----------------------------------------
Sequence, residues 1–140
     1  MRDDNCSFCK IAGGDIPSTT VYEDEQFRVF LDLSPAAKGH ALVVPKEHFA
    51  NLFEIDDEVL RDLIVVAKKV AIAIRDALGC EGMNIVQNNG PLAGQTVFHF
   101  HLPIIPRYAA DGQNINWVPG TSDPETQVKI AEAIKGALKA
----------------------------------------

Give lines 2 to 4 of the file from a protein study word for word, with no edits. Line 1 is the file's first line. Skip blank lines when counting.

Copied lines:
     1  MRDDNCSFCK IAGGDIPSTT VYEDEQFRVF LDLSPAAKGH ALVVPKEHFA
    51  NLFEIDDEVL RDLIVVAKKV AIAIRDALGC EGMNIVQNNG PLAGQTVFHF
   101  HLPIIPRYAA DGQNINWVPG TSDPETQVKI AEAIKGALKA